Carefully and faithfully restored after heavy bombing and artillery devastation during the 1991 civil war which followed the breakup of SFR (Socialist Federal Republic) Yugoslavia, Dubrovnik is once again known as the “Pearl of the Adriatic”. Originally known as “Ragusa”, the city was founded in the 7th Century A.D. The defensive stone city walls were constructed beginning in the 8h Century. Local historians note that the severe earthquake of 1667, which destroyed half of the city, marked the “beginning of the end” of the Republic of Dubrovnik (which was abolished in 1808). From 1808 through 1815 the city/area was ruled by Napoleon. Then the city fell under the rule of the Hapsburg Empire from 1815 through 1918.
Today Dubrovnik has a larger city-wide population of only 42,000, with just 900 people living in Old Town within the historic city walls.
While walking around the pedestrian zoned Old Town, getting oriented is easy, as the main street — “The Placa” (Placa Stradun), often referred to as just “Stradun” which is not on any street signs) — running from west to east, divides the city in half (the oldest section lies on the southern side). Placa joins the two main entrances to the Old Town at Pile in the west and Ploce in the east. The name Stradun comes from the Italian strada, meaning street. The street is paved with limestone and the uniform Baroque buildings that line the street (along with many churches) have made it one of the best known sights in Dubrovnik.
The Dubrovnik Cathedral, built in the Venetian Baroque style from 1671 to 1713, was constructed on the site of an earlier Romanesque cathedral that was active between the 12th and 14th Centuries and was completely destroyed in the major 1667 earthquake.
We had a delicious local seafood lunch at Proto.
Before, and after, lunch at Proto Restaurant, in the center of Old Town, we had an opportunity to visit a “most disturbing” museum: War Photo Limited. It is an exhibition center of war and conflict photojournalism that convers two floors displaying photographic exhibits by world renown photographers covering recent and ongoing regional and global conflicts. It was heart wrenching to see an entire floor of photographs (and a few videos) of the civil war following the breakup of SFR Yugoslavia and the siege of Dubrovnik in late 1991 by the Yugoslav Army and Navy after Croatia declared independence. The museum notes: “The historic city and its residents suffered months of bombardment surviving without electricity, water and very little food. Overwhelmed by those displaced from Dubrovnik’s surroundings, by the Yugoslav Army advance, thousands sheltered in basements, hotels, museums, and any place [that] offered the slightest protection, living through the winter and spring in a city under siege.”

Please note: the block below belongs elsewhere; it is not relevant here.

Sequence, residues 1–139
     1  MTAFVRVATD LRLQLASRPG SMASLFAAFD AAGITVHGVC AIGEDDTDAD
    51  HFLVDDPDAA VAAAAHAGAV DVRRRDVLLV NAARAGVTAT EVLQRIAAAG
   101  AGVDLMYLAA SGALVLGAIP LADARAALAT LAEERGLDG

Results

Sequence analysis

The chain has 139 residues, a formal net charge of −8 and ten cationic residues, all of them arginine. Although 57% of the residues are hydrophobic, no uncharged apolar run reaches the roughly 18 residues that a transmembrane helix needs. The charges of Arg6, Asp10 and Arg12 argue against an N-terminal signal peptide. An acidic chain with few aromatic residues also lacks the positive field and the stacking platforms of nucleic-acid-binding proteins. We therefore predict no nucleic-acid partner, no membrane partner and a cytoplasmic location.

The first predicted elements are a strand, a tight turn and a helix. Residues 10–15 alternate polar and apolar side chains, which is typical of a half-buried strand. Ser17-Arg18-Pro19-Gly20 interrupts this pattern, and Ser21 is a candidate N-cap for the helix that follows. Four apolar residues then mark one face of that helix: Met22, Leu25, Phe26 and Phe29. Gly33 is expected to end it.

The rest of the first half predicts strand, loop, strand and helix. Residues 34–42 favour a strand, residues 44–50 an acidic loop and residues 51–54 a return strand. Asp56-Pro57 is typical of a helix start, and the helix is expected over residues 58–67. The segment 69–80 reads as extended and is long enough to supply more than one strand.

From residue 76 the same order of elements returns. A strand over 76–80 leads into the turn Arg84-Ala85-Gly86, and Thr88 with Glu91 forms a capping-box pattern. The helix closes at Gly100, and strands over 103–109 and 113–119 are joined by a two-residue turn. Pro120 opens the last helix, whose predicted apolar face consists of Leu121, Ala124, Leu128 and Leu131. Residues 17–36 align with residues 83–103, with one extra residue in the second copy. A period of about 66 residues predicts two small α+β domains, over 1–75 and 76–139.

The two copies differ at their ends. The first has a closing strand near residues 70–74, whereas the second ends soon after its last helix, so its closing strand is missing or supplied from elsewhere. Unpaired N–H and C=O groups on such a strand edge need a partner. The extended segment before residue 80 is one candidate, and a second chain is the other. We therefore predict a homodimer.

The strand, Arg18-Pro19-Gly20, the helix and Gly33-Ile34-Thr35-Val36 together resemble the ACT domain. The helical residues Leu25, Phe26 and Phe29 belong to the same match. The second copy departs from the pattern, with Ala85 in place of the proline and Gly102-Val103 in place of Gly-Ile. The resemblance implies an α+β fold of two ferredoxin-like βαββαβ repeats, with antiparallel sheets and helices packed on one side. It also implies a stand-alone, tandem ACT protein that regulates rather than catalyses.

The museum is accomplishing its mission with its visitors: “It is the intent of War Photo Limited to educate the public in the field of war photography, to expose the MYTH of war and the intoxication of war, to let people see war as it is, RAW, VENAL, FRIGHTENING, by focusing on how WAR INFLICTS INJUSTICES ON INNOCENTS AND COMBATANTS ALIKE.” [emphasis added]
The Franciscan Monastery existed in several locations both within Old Town and outside the city walls. The present day Franciscan church, located on the west end of the Placa (Stradun), was restored in the Baroque Style. The Monastery cloister is considered on of the finest in Dalmatia.
Some of the best views of Dubrovnik are from atop the city walls, which can be entered in only two locations (at the Pile and Ploce gates). The old stone walls, well maintained after restoration from the 1991 war damage, hug the Old Town with a circumference of 2 kilometers (1.2 miles). The city walls are considered among the best preserved and most attractive on this planet. The walls were originally built between the 8th and 16th Centuries. Up to 6 meters (19 feet) thick on the land side, the walls were built as defense against attack from the mountainous hinterland – the Ottoman Empire, for example, lay just a few kilometers inland. The walls were never breached. (The Republic of Dubrovnik only fell after Napoleon’s armies were invited in on the condition that they would respect its independence.)
The city has several fortresses, including Fort Lovrijenac, high atop a 37 meter (122 feet) cliff just west of the Old Town city wall.